Max Ehrmann circa 1984


After graduating from DePauw in 1894 with a degree in English, Max moved on to Harvard University in Cambridge, Mass, studying Philosophy and Law.  While there he continued his association with the Delta Tau Delta and was made editor of its national magazine The Rainbow, at the same time he wrote articles and poems for various national magazines and local dailies, such as The Boston Herald.  In 1898 he published his first book called A Farrago (a book of fiction).  Later that year after completing his Law degree and being admitted to the American Bar Association, he was invited to run for the Indiana legislature, however, he chose to return home to Terre Haute and there took up a position as the Deputy State Attorney for Vigo County, Indiana.


By this time his brothers had built a formidable family Business Empire.  Charles, the eldest who had started out as a meat packer, now owned the Ehrmann Meat Packing Co.  He then bought a Coal Mine, which became the Ehrmann Coal Co. and to accommodate his workers he platted the community of Ehrmandale in the nearby Nevins Township of Terre Haute.  He was also the President of the West Terre Haute State Bank and the Central Building and Loan Association.


Meanwhile his brother Emil, who had dropped out of High School early and worked as a traveling salesman for garment maker Charles Zimmerman (the inventor of bib overalls), later with his brother Albert, founded the Ehrmann Manufacturing Co. specialising in work clothing.  Housed in a purpose built three-story building at 929-933 Wabash Ave, it soon became one of the three biggest employers in Terre Haute’s then-booming garments industry.  Emil also bought the former site of Fort Harrison, famous for a battle victory during the Indians Wars of 1812.  Then in disrepair, he spent a considerable sum of money restoring and improving the property’s buildings with hopes of turning it into a National Historic park, but sadly this never happen.



The old Ehrmann building now the Glidden furniture store


After serving two years as the Deputy State Attorney, Max joined his brothers growing Business Empire and worked for a number of years as their Business Attorney and credit manager.  However his heart was never in such work, for he was more interested in writing and philosophy, and when not working, spent much of his time attending to the Terre Haute Literary Society.  Despite having published six books without much success, at the age of 40, supported by his brothers who continued to helped him financially, he left the family business to concentrate full-time on his writing career.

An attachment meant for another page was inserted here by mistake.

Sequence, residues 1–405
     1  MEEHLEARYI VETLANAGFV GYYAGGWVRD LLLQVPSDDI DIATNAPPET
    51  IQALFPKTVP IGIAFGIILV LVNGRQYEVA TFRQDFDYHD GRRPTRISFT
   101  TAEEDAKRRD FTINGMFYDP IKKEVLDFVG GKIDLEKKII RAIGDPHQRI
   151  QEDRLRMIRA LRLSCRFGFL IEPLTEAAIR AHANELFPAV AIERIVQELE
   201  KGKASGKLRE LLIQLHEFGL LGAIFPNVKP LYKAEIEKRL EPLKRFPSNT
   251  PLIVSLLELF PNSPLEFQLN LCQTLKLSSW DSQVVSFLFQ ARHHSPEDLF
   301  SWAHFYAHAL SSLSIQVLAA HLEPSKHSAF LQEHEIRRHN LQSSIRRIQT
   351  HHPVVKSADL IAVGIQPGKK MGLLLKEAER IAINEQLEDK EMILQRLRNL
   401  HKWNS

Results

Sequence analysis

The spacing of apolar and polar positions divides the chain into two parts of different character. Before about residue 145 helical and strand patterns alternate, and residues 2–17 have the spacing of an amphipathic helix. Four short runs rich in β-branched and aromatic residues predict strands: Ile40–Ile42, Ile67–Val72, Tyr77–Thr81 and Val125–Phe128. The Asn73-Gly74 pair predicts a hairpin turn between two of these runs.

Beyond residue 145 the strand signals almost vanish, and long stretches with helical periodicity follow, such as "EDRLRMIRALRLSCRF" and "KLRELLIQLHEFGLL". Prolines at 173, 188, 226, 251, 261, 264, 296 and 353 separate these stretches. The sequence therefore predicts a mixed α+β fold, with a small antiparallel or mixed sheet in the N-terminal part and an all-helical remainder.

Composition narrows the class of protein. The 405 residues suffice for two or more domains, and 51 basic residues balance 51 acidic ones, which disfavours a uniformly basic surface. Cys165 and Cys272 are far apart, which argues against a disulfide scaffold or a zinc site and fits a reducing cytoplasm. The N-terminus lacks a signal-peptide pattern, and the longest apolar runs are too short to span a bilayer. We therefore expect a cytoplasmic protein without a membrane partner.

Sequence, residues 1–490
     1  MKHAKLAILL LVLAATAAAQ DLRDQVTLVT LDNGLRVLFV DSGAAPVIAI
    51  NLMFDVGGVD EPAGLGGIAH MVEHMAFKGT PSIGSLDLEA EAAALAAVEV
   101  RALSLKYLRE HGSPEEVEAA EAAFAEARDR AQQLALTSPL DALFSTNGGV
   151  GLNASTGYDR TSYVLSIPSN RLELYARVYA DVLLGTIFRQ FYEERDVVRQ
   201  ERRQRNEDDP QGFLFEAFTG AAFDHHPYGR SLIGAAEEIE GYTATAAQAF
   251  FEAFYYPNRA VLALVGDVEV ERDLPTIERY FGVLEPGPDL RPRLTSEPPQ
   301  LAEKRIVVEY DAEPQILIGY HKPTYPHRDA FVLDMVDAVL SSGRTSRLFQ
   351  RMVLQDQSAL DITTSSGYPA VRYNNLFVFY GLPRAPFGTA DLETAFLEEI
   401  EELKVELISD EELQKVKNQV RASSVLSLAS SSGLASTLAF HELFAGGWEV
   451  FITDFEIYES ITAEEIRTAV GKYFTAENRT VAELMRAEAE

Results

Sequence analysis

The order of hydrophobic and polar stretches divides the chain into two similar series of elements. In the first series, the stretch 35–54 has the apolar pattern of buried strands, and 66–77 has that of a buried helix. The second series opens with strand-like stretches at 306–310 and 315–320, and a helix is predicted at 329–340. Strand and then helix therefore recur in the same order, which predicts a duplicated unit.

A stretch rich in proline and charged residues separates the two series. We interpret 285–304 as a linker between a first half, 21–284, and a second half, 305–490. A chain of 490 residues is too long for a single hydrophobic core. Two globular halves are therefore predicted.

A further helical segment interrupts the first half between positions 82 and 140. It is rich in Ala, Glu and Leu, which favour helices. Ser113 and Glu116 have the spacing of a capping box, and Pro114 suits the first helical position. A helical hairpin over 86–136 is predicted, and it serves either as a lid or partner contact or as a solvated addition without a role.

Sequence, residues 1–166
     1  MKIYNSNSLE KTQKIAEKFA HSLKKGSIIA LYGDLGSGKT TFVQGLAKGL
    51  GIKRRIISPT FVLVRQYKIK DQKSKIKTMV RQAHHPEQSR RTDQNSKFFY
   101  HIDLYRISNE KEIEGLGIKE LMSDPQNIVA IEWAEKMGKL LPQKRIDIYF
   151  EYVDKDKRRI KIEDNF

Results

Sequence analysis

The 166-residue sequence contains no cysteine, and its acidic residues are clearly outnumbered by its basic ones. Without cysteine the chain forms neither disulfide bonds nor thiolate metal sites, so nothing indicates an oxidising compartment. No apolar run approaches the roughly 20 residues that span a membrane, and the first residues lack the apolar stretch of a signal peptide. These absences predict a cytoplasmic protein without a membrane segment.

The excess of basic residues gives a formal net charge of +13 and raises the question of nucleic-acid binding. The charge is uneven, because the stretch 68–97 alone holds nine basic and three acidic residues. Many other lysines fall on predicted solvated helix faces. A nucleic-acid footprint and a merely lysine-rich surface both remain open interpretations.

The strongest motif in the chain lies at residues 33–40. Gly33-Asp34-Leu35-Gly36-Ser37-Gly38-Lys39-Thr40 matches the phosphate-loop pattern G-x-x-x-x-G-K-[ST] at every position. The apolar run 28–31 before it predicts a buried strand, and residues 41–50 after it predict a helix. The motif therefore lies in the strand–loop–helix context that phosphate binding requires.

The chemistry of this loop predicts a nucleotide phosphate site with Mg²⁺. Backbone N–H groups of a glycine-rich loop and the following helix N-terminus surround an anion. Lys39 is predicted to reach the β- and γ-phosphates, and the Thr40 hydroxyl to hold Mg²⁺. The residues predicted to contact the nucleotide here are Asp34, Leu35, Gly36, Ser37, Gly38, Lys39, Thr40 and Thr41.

As a writer and author, Max wrote more than 20 books and pamphlets, and frequently contributed essays and poems to local newspapers and national magazines.  However, during his own lifetime only one of his poems had gained some moderate success, it was called "A Prayer" and was written in 1903 (see below).  Much later, mainly through the efforts of his late wife Bertha, the "Desiderata" (above) first written in 1927, gained him widespread acclaim and achieved the recognition he so deserved.


A Prayer


Let me do my work each day; and if the darkened hours of despair overcome me, may I not forget the strength that comforted me in the desolation of other times.

May I still remember the bright hours that found me walking over the silent hills of my childhood, or dreaming on the margin of a quiet river, when a light glowed within me, and I promised my early God to have courage amid the tempests of the changing years.

Spare me from bitterness and from the sharp passions of unguarded moments. May I not forget that poverty and riches are of the spirit.

Though the world knows me not, may my thoughts and actions be such as shall keep me friendly with myself.

Lift up my eyes from the earth, and let me not forget the uses of the stars. Forbid that I should judge others lest I condemn myself.

Let me not follow the clamour of the world, but walk calmly in my path.

Give me a few friends who will love me for what I am; and keep ever burning before my vagrant steps the kindly light of hope.